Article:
“The biggest problem with physical therapy is patients not doing enough of it or not doing it properly,” said Spencer Hutchins, co-inventor and Reflexion Project Lead. “We are building a tool to help physical therapists measure progress in a fun way that could potentially help patients heal faster.”


The West Health Institute is an independent, non-profit 501(c)(3) medical research organization whose mission is to lower health care costs by developing innovative patient-centered solutions that deliver the right care at the right place at the right time. This is accomplished by conducting innovative medical research, educating key stakeholders and advocating on behalf of patients. Solely funded by pioneering philanthropists Gary and Mary West, it is part of West Health, an initiative combining four separate organizations – the West Health Institute, the West Health Policy Center, the West Health Investment Fund, and the West Health Incubator. The Institute is located in San Diego, California, the global center for health care innovation. For more information, find us at and follow us @westhealth.


Located on Florida Drive, adjacent to Balboa Park, Naval Medical Center San Diego (NMCSD), is the Pride of Navy Medicine. The hospital has played a vital role in the history of San Diego for more than 80 years. From the original tent dispensary established in 1917, to the high-tech, ultra modern facility of the 1990s, the mission has remained constant to provide the finest medical care in a family-centered care environment to the operational forces, their families, and to those who served their country in the past. NMCSD does not directly or indirectly endorse any product or service provided, or to be provided, by West Health Institute “Reflexion”, its successors, assignees, or licensees.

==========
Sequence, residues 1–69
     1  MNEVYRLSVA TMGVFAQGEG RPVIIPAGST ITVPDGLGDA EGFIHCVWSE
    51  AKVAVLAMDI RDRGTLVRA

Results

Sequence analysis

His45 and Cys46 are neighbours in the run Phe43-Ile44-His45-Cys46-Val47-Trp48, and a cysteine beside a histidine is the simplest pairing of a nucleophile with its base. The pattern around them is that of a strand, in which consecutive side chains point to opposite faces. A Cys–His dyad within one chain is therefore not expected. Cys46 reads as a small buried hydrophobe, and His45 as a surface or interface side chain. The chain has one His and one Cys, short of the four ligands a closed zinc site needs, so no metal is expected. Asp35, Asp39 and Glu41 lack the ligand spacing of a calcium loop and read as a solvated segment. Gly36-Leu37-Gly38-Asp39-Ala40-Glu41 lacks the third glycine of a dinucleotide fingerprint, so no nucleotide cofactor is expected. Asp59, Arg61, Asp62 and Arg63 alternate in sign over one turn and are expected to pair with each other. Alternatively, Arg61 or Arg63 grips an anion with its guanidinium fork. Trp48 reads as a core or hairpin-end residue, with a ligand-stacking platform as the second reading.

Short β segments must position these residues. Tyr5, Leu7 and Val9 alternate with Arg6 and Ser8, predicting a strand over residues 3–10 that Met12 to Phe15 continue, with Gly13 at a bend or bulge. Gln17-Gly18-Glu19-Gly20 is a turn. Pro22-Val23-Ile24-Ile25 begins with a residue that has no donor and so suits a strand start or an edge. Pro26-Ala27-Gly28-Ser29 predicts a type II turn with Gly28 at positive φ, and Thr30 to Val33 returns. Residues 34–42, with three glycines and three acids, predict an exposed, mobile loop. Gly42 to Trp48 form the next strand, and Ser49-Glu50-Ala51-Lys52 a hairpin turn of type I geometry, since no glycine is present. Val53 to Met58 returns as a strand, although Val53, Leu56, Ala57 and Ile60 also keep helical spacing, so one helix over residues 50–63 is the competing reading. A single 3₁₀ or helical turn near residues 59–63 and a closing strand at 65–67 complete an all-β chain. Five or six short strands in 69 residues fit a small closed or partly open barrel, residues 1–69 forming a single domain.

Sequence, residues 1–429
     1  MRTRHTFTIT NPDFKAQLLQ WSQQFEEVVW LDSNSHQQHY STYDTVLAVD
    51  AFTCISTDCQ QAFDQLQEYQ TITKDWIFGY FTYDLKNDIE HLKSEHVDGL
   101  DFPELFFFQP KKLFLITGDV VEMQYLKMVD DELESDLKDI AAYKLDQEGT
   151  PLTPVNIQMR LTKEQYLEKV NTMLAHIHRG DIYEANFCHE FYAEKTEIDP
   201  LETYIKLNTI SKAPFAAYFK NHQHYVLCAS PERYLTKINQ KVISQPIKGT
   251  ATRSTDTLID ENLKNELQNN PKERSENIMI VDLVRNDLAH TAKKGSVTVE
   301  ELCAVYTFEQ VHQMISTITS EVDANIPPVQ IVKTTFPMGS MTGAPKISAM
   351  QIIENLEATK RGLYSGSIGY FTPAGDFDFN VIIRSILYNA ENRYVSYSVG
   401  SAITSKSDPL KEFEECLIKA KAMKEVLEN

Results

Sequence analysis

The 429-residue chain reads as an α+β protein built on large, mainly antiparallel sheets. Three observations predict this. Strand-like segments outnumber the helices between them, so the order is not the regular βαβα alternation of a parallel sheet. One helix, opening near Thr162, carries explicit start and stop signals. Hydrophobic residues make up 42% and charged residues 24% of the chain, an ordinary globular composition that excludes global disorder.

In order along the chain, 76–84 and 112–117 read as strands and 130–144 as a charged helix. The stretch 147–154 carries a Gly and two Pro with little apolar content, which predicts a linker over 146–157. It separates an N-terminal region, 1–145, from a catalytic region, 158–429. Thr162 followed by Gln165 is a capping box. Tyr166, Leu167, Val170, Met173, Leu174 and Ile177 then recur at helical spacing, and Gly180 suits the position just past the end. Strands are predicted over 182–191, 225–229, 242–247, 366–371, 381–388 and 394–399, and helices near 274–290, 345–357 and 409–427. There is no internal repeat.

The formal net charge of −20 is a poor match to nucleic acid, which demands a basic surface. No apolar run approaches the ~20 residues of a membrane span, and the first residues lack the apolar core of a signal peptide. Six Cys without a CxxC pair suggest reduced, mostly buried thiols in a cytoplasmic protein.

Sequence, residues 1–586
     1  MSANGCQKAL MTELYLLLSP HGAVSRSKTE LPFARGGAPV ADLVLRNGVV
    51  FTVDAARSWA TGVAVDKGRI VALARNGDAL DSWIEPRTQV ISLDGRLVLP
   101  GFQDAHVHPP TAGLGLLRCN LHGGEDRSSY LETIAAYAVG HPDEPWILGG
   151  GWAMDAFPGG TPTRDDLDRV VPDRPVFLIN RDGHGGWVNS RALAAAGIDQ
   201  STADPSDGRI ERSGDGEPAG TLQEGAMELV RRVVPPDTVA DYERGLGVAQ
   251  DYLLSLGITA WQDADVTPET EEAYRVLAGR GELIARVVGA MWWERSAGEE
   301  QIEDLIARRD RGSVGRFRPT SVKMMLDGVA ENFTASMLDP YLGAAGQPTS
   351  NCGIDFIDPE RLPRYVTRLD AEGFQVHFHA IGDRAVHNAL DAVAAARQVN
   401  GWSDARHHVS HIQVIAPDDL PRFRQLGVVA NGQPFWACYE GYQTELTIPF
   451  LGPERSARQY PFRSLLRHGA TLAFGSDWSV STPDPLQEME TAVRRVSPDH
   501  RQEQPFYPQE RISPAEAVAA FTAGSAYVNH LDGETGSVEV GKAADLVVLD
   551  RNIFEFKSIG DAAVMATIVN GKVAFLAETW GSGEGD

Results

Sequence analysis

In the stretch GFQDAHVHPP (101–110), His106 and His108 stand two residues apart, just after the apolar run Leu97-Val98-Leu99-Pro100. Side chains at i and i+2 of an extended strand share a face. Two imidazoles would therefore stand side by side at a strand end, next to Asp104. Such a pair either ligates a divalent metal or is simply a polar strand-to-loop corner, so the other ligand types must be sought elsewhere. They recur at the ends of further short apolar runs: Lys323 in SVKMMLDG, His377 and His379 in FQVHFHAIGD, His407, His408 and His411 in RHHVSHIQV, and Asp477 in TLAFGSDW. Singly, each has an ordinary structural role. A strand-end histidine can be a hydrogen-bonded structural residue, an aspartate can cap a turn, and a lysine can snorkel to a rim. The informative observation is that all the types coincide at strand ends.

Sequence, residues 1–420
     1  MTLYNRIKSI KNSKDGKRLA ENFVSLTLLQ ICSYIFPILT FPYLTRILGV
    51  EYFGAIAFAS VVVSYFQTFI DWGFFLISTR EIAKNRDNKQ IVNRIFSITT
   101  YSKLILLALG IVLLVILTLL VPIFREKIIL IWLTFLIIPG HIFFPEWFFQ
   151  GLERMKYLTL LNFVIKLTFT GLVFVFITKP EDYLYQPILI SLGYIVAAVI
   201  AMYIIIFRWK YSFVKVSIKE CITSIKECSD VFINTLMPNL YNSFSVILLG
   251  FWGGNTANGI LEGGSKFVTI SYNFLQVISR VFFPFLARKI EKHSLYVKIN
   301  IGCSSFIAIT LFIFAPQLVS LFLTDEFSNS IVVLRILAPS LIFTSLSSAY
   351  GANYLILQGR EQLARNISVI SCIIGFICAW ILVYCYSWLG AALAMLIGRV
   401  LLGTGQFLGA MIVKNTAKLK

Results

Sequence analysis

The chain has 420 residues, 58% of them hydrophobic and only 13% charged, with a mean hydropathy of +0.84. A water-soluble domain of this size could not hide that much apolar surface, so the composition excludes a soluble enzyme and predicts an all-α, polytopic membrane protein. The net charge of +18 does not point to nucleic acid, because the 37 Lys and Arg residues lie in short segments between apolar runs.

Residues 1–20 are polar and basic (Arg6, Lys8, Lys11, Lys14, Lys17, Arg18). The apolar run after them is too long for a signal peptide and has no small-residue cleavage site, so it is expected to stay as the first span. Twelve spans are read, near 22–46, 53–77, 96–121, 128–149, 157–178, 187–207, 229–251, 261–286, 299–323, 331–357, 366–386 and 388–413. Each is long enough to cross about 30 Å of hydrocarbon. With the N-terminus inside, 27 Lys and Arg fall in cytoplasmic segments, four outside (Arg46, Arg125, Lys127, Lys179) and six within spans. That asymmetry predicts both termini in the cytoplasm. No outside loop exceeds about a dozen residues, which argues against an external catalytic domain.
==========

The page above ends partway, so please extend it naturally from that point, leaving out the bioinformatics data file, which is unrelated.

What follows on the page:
Over in sunny San Diego, California, our favorite video game controller turned medical device, the Kinect, is being used again as the basis for a rehabilitative therapy program designed to allow physical therapists to customize plans and monitor patients. Developed by the West Health Institute, the Reflexion Rehabilitative Measurement Tool uses the Kinect technology to not only monitor adherence to a rehab program, but to also track the motions of rehabilitative exercises to ensure that they are done correctly and to measure progress.

Patients undergoing rehab typically receive individual sessions from physical therapists, who usually teach them exercises and anticipate that they will be done consistently and correctly in between sessions. Of course, there is little accountability, which can slow the healing process or even make it worse if a patient does not adhere to the rehab plan. West Health Institute researchers hope that the Reflexion will be a fun, relatively low-cost solution that will improve compliance, which in turn will result in better outcomes for patients undergoing physical therapy.